MODFLOW Case Study - Fremont River Model

For this case study, we will be solving the problem shown in the following figure using a one layer MODFLOW model.  Since the model domain is rectangular and the source/sink objects are simple, we can set up this model quickly using the “grid approach”.  The site is 1800 m wide from east to west and 2000 m wide from north to south.  The west boundary corresponds to a ground water divide and the north and south boundaries correspond to parallel flow boundaries.  Thus, these three boundaries will be simulated as no-flow boundaries.  The east side of the model corresponds to a river that will be modeled with a constant head boundary.  Two production wells and an agricultural drain are located within the model domain.

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Before building the model, first download and unzip the following file:

Then launch GMS and read in the project file (map.gpr) using the File|Open command.


Build your MODFLOW model using the following basic steps:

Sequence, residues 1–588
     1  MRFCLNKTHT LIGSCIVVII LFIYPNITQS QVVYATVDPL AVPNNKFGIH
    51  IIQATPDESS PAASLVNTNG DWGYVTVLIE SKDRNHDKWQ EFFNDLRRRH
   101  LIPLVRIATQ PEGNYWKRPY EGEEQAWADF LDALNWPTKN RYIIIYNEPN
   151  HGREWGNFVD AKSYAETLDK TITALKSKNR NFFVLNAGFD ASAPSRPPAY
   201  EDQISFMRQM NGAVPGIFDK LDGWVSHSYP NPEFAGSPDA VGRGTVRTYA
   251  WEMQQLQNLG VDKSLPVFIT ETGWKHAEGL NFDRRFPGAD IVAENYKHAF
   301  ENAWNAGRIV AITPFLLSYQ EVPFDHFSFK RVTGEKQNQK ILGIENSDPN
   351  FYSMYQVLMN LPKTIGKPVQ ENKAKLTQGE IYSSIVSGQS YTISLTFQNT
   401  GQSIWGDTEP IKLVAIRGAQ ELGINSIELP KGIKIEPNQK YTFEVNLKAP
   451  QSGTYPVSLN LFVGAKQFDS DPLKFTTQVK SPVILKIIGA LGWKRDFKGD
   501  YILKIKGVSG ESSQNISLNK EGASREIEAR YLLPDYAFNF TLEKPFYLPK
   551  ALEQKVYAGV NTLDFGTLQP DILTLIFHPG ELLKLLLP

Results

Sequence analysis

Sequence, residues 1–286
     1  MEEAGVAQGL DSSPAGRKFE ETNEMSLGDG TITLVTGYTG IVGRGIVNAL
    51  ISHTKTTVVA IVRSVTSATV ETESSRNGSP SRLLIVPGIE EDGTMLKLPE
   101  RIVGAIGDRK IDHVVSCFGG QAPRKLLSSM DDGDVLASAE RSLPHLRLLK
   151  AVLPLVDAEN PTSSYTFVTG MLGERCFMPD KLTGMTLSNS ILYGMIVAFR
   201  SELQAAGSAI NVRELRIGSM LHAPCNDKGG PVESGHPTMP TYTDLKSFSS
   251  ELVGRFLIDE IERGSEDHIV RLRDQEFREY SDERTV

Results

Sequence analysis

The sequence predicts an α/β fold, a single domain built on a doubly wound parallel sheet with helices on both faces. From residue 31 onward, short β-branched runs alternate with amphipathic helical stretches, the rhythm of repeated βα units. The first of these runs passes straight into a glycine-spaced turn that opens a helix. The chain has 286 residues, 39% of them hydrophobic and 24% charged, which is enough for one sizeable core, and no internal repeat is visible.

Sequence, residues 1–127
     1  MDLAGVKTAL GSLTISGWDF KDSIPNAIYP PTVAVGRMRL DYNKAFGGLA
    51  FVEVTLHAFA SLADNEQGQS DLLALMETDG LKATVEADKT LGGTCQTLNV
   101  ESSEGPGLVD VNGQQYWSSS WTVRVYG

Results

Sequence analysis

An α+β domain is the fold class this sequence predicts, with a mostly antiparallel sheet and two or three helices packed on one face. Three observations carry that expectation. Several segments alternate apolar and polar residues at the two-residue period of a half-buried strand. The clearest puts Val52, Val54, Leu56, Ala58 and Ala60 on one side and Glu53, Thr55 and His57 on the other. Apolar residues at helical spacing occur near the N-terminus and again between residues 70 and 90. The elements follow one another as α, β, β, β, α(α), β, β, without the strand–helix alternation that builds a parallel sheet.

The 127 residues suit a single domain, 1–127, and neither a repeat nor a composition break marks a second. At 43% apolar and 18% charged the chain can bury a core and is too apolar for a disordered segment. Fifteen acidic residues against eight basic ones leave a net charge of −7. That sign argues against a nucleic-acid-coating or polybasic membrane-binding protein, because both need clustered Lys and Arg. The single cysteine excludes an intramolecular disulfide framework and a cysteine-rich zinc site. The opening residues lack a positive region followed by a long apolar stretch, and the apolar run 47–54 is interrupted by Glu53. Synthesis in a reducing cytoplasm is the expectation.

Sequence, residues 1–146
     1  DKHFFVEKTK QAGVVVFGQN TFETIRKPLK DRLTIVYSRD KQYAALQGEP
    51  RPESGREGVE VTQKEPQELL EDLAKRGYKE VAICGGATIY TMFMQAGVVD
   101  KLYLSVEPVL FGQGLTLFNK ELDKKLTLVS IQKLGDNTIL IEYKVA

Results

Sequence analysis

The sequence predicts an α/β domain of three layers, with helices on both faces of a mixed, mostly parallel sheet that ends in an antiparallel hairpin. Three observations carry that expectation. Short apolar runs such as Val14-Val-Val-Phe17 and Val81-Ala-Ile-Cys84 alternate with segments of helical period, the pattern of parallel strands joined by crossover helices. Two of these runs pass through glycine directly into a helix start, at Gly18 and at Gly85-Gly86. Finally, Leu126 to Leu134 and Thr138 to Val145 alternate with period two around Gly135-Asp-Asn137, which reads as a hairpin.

1) Create a one layer grid of the proper X and Y dimensions and use 45 cells in the X direction and 50 cells in Y direction.

2) Save your project to a new file name (use the Save As command) and save the model frequently during the exercise.

3) Initialize your MODFLOW simulation. 

a) Select the appropriate units (length = m, and time = d).

b) Select the packages you wish to use.

c) Enter a reasonable value for the starting head

d) Enter a top elevation of 400 m and a bottom elevation of 250 m.  For simplicity, we will assume that the top and bottom of the aquifer are relatively flat.

4) Create a constant head boundary on the right side of the model = 317 m.

5) In the LPF package, use a convertible layer.  Enter a value of K = 0.1 m/d for the entire grid.

6) Enter a recharge value of 0.00055 m/d for the entire grid.

7) Create a set of drains in the location of the agricultural drain.  Enter a conductance of 200 m^2/d and use a drain elevation = 317m.

8) Create two wells at the location shown.

a) For well SR-3, enter a pumping rate of –300 m^3/d.

b) For well SR-4, enter a pumping rate of –450 m^3/d.

9) Check your model for errors and then save and run the simulation.


If your solution is successful, you may wish to try modifying your model as follows:

1) Change the conductance on the drains and see if it makes a significant difference in the solution.

2) Try increasing the pumping rate for the wells to see what happens to the drawdown.  At some point the wells will go dry.

3) Change the hydraulic conductivity and the recharge and notice how sensitive the model is to these two parameters.